I’m very excited how many of you have said in the comments that you’ll be joining me as I explore how to use Robert Boice’s Advice for New Faculty Members (AFNFM) to help me with my writing during this semester. Even if you didn’t delurk in the comments, you’re welcome to join in. Hopefully your book has arrived, and your week didn’t start off as mine did with two dead laptops (one is now revived; the other one, with all my research files on it, is at the Apple Shop and I bought a Time Capsule this afternoon).
I started off reading the introduction to the book as an overview, and then dove in to Section II, on writing in “mindful ways.” Boice points out that many of us never learned how to “write with fluency and constancy in graduate school” (p. 103), and instead, we learned to approach writing with procrastination and pain. We learned to write alone, with the belief that we had to feel like writing in order to write well, that writing is “supposed” to occur in “a single, brilliant burst” (p. 104) as we imagine geniuses experience. He points out that new faculty already feel overloaded and overbusy, and we don’t feel like we have the energy or time for writing (particularly if we think writing occurs as above).
However, in contrast, he looks at the writing habits of new faculty he calls “exemplary” and “fast starters,” and finds
they get writing underway by learning to write in brief, daily sessions that seem impossibly brief at first. They learn to simplify and clarify writing, even to enjoy it. [!] And their constancy and moderation produce more manuscript pages with more likelihood of publication in refereed and prestigious outlets.
In the end, he argues these fast starters are more efficient, more mindful in how they write.
Sounds good, right? I want to like to write, to learn to write efficiently.
Boice then gives literary hints of exceptional and contemporary writers who engage in such mindful writing, and uses what they say about their writing to help explain how mindfulness applies to writing via these categories (p. 109-110):
- Mindfulness as being awake, allowing us to stop and become aware of what we’re doing after rushing about blindly. Why are we doing this faculty gig again? What was it about our research that we liked or cared about? Why do we want to share it? And so on.
- Clear-seeing, which allows us to see how our usual work or writing patterns are making us miserable.
- Calm efficiency, where if we stay in the present, we become less trapped by panic and doubt.
- Freedom from excessive destructive emotions and busyness, which he explains further has to do with extremes of emotions, not the lack of them; and the busyness that we might bring upon ourselves in different ways.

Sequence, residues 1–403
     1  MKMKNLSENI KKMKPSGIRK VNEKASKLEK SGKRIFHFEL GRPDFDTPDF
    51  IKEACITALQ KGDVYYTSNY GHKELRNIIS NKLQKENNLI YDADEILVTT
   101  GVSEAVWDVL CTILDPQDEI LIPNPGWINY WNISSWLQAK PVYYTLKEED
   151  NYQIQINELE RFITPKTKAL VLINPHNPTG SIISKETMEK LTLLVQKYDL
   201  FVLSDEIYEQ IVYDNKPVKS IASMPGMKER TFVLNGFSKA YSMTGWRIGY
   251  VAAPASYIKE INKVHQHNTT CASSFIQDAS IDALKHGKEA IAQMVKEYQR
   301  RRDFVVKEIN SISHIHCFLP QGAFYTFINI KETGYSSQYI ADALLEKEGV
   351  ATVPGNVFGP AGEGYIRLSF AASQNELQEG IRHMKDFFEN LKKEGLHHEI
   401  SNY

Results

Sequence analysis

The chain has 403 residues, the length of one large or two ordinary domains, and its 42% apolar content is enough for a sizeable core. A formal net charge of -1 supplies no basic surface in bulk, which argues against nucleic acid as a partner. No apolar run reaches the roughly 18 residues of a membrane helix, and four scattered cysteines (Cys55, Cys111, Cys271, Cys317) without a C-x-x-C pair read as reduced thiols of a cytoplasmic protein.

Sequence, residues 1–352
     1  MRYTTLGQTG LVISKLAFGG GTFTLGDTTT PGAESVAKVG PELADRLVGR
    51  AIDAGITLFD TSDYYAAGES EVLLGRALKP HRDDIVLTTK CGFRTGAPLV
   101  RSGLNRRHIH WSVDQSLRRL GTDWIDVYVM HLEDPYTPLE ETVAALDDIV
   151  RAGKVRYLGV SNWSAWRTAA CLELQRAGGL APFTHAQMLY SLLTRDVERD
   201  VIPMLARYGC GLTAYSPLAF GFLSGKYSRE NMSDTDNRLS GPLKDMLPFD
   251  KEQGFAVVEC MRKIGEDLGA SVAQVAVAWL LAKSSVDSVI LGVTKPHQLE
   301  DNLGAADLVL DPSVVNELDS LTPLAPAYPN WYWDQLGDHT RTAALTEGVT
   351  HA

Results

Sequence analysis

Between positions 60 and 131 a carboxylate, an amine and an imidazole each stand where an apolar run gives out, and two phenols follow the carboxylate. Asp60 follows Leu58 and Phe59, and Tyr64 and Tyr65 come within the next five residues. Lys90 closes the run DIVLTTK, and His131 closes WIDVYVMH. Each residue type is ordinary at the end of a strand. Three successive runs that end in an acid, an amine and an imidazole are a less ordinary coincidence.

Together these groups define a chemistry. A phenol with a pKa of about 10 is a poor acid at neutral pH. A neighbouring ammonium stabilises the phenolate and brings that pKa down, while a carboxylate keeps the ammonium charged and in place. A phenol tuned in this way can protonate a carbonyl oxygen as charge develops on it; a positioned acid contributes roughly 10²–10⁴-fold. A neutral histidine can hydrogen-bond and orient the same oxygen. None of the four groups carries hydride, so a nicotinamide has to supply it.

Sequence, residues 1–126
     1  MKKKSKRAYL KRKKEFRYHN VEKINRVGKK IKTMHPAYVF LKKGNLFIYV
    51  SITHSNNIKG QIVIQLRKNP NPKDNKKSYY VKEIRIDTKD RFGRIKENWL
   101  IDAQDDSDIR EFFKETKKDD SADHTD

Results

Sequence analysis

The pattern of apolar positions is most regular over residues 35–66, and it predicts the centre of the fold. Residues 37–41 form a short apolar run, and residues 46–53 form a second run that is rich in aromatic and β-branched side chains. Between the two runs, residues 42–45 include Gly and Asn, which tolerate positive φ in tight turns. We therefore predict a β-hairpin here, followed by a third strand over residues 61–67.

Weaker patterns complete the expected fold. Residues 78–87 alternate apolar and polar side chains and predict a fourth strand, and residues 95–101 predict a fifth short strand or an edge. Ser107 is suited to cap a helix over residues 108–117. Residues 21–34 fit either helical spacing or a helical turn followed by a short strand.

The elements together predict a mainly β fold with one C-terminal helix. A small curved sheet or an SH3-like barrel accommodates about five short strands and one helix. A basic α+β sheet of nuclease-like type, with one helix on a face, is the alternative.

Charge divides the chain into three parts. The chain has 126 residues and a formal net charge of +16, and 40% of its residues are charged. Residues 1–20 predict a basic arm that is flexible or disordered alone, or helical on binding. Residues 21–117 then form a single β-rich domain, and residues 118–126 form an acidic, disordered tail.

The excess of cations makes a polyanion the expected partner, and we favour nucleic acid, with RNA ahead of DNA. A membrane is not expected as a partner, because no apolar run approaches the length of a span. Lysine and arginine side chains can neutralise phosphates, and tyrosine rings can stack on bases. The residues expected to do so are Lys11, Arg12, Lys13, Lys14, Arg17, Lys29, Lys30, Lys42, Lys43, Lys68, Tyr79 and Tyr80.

- Connectedness and compassion, which allows us to deal with criticism and even rejection in more healthy ways
- Letting go, which lets us work more “contentedly in the moment”
- Self-discipline, which we use to “awaken ourselves from mindless rushing or stultifying inhibition” (I think that’s where I am with one writing project, stultifyingly inhibited).
He then sets out skills that mindful writers engage in which, he hopes (and I do too) the rest of us can learn (p. 111-112):
- working patiently
- work regularly and constantly, but with moderation
- keep their emotions stable
- suffer less uncertainty and pain at writing (good good good)
- welcome criticism (this one will be particularly hard for me)
- work with efficiency.
And all this is just in the intro to the section!
Chapter 9 describes how to start this process of learning to write mindfully by learning to “wait actively,” a process which Boice describes as “a stage for planned work in the meanwhile.” He sets out some exercises, both formal (p. 121) and informal (p. 118), to help you to pause actively:
Schedule a week or two, starting now, for doing nothing else as a writer but . Schedule brief, daily sessions of this active waiting time each weekday, for perhaps 5 to 10 minutes, no more. Find this time, preferably, amid an otherwise busy morning; remember, it only needs to be 5 to 10 minutes — not a whole hour of your schedule. Spend this brief time at your writing site, with materials — such as notes, references, and old manuscript pages — already on hand. … Begin with a moment of meditative mindfulness by just staying in the present moment, following your breath in and out. This might last a minute or two, for now. Then use the remaining minutes, without hurrying and without leaving the present, to mentally sketch out ideas about your intended writing. (p. 121)
(Isn’t this zen? ) I think he means even to not write down your in-the-present ideas. This will also be hard for me – if I don’t write it down, I’m afraid I’ll lose it. I’ll have to work on this.
Okay. So I think it’s time for a week of actively waiting. Thereabouts next Monday, I’ll post on how I well I did, and those of you who want to join in are welcome to do so in the comments or with links to your own blogposts. Then we’ll consider moving on to Ch 10. Sound good? Hope so. Good luck with your own practice…